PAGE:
I have been Workshop Editor for both Boys’ Quest and Fun For Kidz magazine for over 15 years. One of my early projects was a Morse Code Telegraph. Of course this project needed a switch to send out the code. I came up with the Popsicle Stick switch since it could be easily made from a Popsicle Stick (a regular craft stick also works fine) and a couple of screws. This I thought would be great for kids to make themselves since in making it they would learn the basic principles of an electric switch. In addition to having a nice sound to its name, the switch worked out better than I hoped. I have used it in numerous other projects, including my Wireless Telegraph, Popsicle Stick Electronic Organ, Solar Powered Flashlight, Electric Buzzer, Reaction Timer Game, Game Timer and more.

Project Steps

Follow drawing and make marks on the Popsicle stick for the 1/8″ holes that you drill as described in Step 2.

Use a 1/8″ drill bit to drill the three holes at the place you marked with a pencil. See Step 1.

Hint: Don’t press hard with the drill or you might crack the stick. Take your time drilling.

Use the holes you drilled in the Popsicle stick as a template and use a pencil to make marks on the baseboard. In the next step you will drill pilot holes where these marks indicate.

Use a 1/16″ drill bit to drill pilot holes in the baseboard at the pencil marks you made in Step 3.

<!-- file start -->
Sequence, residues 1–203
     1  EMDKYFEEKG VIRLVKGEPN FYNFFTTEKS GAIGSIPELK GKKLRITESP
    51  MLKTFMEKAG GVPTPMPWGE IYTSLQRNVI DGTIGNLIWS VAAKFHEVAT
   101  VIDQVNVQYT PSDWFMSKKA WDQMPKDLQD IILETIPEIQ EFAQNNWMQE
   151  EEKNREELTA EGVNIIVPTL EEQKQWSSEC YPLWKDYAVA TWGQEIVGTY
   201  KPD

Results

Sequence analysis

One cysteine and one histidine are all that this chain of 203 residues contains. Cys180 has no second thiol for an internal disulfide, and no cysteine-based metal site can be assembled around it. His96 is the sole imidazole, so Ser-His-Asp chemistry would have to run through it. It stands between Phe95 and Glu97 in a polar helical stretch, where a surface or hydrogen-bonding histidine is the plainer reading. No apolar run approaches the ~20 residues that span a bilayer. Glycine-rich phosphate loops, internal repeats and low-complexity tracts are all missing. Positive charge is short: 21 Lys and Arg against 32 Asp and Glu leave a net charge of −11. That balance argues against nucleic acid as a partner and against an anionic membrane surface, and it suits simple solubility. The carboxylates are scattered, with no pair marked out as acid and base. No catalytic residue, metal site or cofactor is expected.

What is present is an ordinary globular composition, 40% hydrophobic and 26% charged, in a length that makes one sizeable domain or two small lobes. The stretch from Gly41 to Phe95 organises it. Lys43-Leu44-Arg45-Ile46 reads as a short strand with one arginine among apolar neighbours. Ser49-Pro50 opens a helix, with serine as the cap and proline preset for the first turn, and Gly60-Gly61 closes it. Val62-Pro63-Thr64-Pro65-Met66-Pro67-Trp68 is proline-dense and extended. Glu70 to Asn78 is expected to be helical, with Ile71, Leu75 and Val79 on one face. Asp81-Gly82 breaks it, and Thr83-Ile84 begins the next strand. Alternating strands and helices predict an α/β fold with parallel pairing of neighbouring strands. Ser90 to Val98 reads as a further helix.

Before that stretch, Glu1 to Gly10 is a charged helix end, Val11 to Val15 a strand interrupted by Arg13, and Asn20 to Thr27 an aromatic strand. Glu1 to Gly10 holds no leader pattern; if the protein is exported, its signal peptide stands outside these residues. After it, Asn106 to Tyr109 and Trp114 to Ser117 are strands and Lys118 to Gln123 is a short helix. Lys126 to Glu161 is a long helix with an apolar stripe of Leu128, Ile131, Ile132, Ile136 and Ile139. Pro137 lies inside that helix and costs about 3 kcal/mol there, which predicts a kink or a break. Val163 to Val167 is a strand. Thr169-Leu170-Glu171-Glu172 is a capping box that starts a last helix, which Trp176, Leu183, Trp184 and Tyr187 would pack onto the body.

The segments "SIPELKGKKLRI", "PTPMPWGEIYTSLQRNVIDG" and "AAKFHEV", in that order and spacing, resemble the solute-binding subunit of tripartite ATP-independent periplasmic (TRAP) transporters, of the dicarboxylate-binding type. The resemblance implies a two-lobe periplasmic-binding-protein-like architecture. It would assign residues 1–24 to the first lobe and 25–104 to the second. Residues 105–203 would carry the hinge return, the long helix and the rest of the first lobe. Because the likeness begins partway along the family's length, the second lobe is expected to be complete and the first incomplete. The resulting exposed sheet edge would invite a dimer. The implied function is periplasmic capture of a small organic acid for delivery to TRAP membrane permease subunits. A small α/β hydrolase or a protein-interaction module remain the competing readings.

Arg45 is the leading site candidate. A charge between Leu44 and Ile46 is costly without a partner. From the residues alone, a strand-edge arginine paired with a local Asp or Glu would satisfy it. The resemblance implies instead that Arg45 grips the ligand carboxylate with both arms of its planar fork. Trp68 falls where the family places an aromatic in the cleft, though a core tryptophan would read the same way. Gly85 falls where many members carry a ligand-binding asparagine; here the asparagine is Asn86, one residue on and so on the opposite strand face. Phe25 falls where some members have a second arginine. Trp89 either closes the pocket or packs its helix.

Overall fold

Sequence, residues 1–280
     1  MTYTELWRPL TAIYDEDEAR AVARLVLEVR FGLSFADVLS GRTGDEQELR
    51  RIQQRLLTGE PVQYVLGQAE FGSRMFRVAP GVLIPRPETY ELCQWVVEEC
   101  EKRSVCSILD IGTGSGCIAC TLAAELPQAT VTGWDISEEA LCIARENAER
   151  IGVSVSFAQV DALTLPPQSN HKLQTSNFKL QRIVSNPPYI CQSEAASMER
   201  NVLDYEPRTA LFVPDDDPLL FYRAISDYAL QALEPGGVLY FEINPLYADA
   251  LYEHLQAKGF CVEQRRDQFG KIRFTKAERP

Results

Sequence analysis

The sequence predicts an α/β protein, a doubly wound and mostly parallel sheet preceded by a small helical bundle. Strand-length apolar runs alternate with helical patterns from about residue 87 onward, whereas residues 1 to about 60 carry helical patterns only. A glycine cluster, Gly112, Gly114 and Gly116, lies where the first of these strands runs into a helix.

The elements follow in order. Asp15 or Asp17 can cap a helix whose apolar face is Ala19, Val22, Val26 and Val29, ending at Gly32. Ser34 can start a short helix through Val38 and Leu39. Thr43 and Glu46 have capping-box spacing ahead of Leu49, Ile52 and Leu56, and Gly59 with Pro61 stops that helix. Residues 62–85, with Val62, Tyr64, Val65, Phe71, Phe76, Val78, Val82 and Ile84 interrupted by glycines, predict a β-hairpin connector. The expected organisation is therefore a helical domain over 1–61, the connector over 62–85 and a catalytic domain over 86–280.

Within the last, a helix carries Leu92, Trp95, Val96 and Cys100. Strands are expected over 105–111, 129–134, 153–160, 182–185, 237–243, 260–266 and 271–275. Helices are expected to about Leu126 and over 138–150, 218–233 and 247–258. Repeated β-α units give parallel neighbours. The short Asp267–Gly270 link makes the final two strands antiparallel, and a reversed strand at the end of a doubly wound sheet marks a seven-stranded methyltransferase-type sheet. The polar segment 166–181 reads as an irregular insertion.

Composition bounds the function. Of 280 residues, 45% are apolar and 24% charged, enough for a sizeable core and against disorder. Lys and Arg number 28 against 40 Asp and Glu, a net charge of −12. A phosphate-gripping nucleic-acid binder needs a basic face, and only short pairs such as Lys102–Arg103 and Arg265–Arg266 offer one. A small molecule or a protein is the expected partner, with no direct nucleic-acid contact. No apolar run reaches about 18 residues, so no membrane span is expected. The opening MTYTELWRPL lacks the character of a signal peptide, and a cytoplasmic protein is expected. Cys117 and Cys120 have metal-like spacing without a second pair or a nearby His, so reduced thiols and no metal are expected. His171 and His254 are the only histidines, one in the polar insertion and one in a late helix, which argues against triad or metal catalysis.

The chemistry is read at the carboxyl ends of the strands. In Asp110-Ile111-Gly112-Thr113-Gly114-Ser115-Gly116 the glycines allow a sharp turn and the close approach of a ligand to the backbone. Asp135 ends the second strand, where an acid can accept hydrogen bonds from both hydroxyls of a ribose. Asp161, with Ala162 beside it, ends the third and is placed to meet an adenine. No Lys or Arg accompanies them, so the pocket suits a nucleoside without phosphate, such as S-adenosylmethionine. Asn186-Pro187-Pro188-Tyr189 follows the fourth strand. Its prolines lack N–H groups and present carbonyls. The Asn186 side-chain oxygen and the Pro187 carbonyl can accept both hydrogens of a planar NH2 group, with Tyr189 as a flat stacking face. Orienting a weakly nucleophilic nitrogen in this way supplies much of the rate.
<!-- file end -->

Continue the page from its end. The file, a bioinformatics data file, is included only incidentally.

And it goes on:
Start a 3/4″ #6 wood screw in the pilot hole. See photo.

Remove about an inch of insulation from one end of a wire.

Twist the bare end around the screw between its head and the base board.

Tighten the screw.

Stick the 1/2″ 6-32 machine screw in the hole where shown.

Twist on two 6-32 nuts.

Fold a small piece of foam packing material and keep in place with a bit of transparent tape.

Stick two 3/4″ #6 wood screws through the holes made in the Popsicle stick and press their tips through the foam as shown.

As shown, attach the Popsicle stick to the baseboard by screwing in the two wood screws into the baseboard, using the pilot holes you drilled earlier as a guide.

Remove an inch of an insulation from another wire and twist it around the 6-32 machine screw between the nuts.

Use long nosed pliers to tighten nuts.

Use a narrow strip of duct tape to keep the wires in place.


This is a simple project but is quite useful especially in any homemade electronic games. It is inexpensive and yet quite reliable AND you can always fix it yourself if something does go wrong!